Making money during the war |

Making money during the war

Shirley Welch
Vail, CO Colorado

Besides the $1,000 he had won on the ship from poker in Fort Bragg and from the infamous bridge tournament, Frank had a considerable amount of cash.

He hid it as best he could and when they finally docked in the port of Belfast, all of the troops were required to surrender American dollars for British pounds. At that time a pound equaled $4.03.

In those days, the pound note was the size of a dinner napkin and now Frank found he had this giant roll of notes, that had to go 8 inches in girth, and such a bundle was difficult to conceal. All Frank could do was stuff the wad in his duffel bag with his dirty socks and long underwear, which caused constant worry.

Several days later in the town of Newton-Stuart, the men were housed in Nissan huts. These seemed like bigger versions of tin cans and each man had limited space to store their personal belongings, so Frank grew even more concerned about safely storing his pound notes in his duffle bag which was out in plain sight. Eventually, he was able to find a one-room bank, with a little gray-haired cashier behind a desk.

Frank held up his roll of money. “Can you change this to higher denominations?”

The woman blinked and the color around her lips turned pale. Pushing her chair back, the cashier said, “I have to get the director.”

“Dandy,” Frank replied.

The bank director took one look at Frank’s roll of notes and shook his head. “I can exchange those notes for five-pound notes but not today. I have to go to the vault and I can’t do it today. Can you come back tomorrow?”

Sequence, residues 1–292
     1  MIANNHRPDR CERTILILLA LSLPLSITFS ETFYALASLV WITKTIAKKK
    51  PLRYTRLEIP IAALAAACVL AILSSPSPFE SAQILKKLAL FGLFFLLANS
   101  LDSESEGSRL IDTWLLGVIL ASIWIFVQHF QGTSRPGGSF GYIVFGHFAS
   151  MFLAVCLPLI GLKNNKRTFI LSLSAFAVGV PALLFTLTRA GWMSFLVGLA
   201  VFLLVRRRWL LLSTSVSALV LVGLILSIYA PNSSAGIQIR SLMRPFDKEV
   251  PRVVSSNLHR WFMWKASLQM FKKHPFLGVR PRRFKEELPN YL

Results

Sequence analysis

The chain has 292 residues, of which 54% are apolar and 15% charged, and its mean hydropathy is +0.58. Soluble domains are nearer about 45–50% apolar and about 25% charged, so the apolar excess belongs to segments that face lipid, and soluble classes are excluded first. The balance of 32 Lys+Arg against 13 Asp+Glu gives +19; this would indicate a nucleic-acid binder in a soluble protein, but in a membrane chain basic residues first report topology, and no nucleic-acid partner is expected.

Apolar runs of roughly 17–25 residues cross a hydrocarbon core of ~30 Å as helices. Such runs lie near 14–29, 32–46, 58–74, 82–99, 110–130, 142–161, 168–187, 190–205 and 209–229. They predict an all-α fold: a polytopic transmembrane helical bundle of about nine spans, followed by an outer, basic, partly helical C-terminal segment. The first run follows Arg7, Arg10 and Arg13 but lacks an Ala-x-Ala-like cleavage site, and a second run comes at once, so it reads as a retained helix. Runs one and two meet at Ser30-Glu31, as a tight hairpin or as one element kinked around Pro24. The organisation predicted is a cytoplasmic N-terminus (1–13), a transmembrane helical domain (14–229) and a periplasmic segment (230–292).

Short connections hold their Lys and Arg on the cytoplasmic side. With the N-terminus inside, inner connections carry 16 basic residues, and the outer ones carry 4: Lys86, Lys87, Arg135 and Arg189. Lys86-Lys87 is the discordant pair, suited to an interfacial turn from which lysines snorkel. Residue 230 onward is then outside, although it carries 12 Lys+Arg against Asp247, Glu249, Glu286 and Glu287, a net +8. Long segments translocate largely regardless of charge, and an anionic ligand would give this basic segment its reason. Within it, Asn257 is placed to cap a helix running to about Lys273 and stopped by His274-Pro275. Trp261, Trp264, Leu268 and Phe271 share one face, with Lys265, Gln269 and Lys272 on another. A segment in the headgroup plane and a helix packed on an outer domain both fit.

So Frank left the bank with his giant roll of notes under his jacket. The following day he was able to trade the pound notes for sixty five-pound notes, which the director handed to Frank in a large brown envelope. Frank opened the envelope and pulled out a 6-inch BY 9-inch five-pound note. It was printed on almost white paper, was very thin, and colored black and gold.

“This is money?” Frank asked.

The director shrugged. “We call them ‘Flimseys’ for a reason.”

“I guess,” Frank said and put the note back in the envelope.

So now Frank was able to bury the envelope in his duffle bag but he still didn’t feel secure, and some days later he went to an APO and spent his ‘Flimseys’ on an $1,080 money order to send home to his father, who would deposit it in a bank account for Frank.

This procedure continued for another year when Frank’s pocket money exceeded $500. Between March of 1943 and May 1945, Frank sent home more than $10,000. Not bad for a man who was educated in animal sciences.

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